Disbelieving the Normativity of Content.Víctor M. Verdejo - 2014 - Acta Analytica 29 (4):441-456.
    Adherents as well as detractors of the normativity of mental content agree that its assessment crucially depends on the assessment of a principle for believing what is true. In this paper, I present an alternative principle, which is based on possession conditions for pure thinking or mere entertaining. I argue that the alternative approach has not been sufficiently emphasised in the literature and has two important merits. First, it yields a direct analysis of the normativity of mental content, which is, (...)
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  16.  4
    Against Artifactual Epistemic Privilege.Víctor M. Verdejo - 2014 - Critica 46 (136):43-67.
    Las profundas raíces intencionales de los artefactos y sus tipos parecen apoyar intuitiva y filosóficamente una forma de privilegio epistémico de los hacedores con respecto a los objetos que crean. En este artículo examino críticamente la tesis del privilegio epistémico para los creadores de artefactos y presento un contraejemplo basado en el antiindividualismo. Se consideran diversas objeciones a las que se da respuesta. Concluyo que si el antiindividualismo es verdadero, entonces el supuesto privilegio epistémico de los creadores de artefactos o (...)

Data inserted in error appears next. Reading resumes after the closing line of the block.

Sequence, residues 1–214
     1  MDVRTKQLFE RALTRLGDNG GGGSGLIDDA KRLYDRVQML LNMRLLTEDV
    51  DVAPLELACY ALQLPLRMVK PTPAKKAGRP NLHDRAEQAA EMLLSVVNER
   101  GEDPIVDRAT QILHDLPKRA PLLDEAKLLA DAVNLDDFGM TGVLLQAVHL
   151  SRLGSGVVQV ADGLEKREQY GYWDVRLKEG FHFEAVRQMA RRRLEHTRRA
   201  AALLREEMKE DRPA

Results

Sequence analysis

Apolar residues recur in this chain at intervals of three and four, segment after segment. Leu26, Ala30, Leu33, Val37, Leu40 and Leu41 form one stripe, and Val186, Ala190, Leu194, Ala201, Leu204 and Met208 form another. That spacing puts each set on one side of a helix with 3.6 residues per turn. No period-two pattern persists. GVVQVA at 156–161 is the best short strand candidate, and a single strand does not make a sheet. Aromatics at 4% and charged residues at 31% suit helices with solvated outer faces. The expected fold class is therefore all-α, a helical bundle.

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  17.  19
    Why Rationalist Compositionality Won't Go Away.Víctor M. Verdejo - 2009 - Theoria : An International Journal for Theory, History and Fundations of Science 24 (1):29-47.
    Vigorous Fodorian criticism may make it seem impossible for Inferential Role Semantics to accommodate compositionality. In this paper, first, I introduce a neo-Fregean version of IRS that appeals centrally to the notion of rationality. Second, I show how such a theory can respect compositionality by means of semantic rules. Third, I argue that, even if we consider top-down compositional derivability: a) the Fodorian is not justified in claiming that it involves so-called reverse compositionality; and b) a defender of IRS can (...)
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  18. Why Rationalist Compositionality Won't Go Away (Either).Víctor M. Verdejo - 2009 - Theoria: Revista de Teoría, Historia y Fundamentos de la Ciencia 24 (1):29-47.